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  1. Presentation of PPR and Puma
  2. Presentation of the operation
  3. Decision and Executive Summary

Media and publishing success rare for a book dealing with economics, yet ?Freakonomics' has managed to do just that by highlighting the real issues that bring into perspective the very concept of "Economics" while drawing a very specific economic theory.
The first section of the document analyzes the epistemological approach of ?Freakonomics' that through the empirical study data seeks to destroy the prejudices of common sense and promote a culture of "evaluation".

Economics, for Levitt, is a set of tools and not a subject in itself: it can be applied to any subject involving deciphering by force of numbers. So in the second part, we will draw the consequences of this concept of economic science and in particular the approach to micro-economics suggested throughout the book, centered around two major concepts: incentives and information.

The empirical method:
The main concern of Levitt's research is to "scrape" the surface of the modern economic world, to discover the underlying mechanisms by which our life works. However, this "surface" is nothing more than "theory" (in the negative sense of "opinion", not in its scientific sense), in contrast to the book's "assessment". The latter depends not only on the figures that the economist must know, but also the ability to "ask the right questions."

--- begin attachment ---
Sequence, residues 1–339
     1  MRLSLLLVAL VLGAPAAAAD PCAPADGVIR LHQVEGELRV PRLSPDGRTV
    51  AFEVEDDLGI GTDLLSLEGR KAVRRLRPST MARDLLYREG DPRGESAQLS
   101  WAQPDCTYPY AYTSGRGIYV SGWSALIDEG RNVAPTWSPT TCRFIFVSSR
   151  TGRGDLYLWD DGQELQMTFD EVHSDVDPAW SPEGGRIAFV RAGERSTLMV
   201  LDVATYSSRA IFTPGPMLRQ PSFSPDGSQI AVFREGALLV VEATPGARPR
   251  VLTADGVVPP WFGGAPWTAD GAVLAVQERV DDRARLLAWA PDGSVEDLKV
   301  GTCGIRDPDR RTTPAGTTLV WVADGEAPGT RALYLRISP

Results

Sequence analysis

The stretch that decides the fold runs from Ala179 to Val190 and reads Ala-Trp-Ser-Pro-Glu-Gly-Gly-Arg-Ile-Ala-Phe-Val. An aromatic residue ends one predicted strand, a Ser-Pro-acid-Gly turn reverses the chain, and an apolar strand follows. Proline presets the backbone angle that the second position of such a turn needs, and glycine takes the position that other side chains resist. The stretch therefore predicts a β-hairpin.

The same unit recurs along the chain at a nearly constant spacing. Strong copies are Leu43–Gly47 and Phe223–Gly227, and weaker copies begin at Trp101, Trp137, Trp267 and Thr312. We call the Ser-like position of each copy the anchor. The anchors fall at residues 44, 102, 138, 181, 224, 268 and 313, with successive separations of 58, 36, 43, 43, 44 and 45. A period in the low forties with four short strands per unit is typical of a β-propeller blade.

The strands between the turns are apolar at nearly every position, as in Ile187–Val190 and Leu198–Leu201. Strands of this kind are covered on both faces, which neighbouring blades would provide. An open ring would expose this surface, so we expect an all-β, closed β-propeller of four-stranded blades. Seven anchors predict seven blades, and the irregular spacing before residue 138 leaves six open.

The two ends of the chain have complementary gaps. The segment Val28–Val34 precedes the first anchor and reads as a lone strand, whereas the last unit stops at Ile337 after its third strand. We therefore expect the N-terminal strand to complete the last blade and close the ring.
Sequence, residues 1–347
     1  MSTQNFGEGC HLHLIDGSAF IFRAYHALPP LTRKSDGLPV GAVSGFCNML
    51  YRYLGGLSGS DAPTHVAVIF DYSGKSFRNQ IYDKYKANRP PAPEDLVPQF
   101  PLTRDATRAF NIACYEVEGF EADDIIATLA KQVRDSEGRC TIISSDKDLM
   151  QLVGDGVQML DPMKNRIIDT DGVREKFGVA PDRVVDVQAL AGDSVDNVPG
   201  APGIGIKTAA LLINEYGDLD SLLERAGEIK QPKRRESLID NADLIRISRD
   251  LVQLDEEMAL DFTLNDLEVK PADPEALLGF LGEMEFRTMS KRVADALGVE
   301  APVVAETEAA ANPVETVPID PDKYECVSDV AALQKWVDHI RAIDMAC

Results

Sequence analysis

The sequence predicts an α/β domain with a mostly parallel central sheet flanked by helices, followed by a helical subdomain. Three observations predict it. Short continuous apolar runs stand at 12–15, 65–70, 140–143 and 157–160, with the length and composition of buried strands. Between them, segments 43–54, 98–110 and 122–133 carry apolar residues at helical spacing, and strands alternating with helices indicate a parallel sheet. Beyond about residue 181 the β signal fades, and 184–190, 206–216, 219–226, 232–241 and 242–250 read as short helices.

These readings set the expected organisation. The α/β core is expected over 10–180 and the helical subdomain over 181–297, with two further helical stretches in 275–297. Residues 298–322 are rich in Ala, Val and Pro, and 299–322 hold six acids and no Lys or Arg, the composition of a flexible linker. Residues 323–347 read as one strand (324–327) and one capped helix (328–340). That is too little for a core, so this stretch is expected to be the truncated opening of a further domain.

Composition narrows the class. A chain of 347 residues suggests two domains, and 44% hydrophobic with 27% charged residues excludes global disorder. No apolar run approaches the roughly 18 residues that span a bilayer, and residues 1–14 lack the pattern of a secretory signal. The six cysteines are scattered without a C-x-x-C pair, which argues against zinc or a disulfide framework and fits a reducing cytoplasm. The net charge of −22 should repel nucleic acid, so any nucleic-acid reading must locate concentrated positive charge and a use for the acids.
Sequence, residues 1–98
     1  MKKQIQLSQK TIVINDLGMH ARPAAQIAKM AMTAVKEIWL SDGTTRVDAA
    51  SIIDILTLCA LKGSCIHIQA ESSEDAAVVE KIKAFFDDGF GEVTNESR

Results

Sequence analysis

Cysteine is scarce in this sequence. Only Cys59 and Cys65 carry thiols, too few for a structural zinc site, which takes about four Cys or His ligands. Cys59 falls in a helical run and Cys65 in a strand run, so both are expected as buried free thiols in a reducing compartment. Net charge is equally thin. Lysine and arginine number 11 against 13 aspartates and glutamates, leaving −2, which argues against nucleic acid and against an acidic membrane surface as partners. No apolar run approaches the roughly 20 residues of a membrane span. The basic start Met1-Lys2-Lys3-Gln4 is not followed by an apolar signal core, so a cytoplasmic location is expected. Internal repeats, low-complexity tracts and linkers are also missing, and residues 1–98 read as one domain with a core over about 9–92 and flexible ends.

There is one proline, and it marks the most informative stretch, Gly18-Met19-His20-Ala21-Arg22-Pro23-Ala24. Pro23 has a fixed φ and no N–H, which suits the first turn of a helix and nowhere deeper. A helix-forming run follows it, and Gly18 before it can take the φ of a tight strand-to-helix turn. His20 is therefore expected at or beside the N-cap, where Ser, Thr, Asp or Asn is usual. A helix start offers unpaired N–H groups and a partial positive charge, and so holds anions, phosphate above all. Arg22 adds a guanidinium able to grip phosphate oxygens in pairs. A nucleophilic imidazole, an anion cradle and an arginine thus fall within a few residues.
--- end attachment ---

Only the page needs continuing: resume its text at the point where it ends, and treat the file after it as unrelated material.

This amounts to applying the powerful tools of experimental economics. The latter occupies a less marginal space in economic research: even if 20 years ago Paul Samuelson stated to that unlike the biologist, the economist "cannot afford to experiment ; the latest editions of his famous manual now recognizes it as part of economic orthodoxy.

To ask "good questions" Levitt uses of "natural" experiments (or more precisely "quasi-natural") and "controlled" experiments.

In the former, after an artificial change - such as the introduction of a lottery to determine schools in Chicago, the economist refers to a "treatment group" - children who "won" the draw and get to choose their schools - and a "control group" - children who lost the same draw that must be satisfied with a less prestigious institution ? and studies the academic achievement of the two groups hereafter. By examining the "double-difference" between the two groups, the economist can accurately assess the impact of a change.

Tags: Freakonomics, Experiential Economics, Economic Orthodoxy, Steven Levitt, Paul Samuelson

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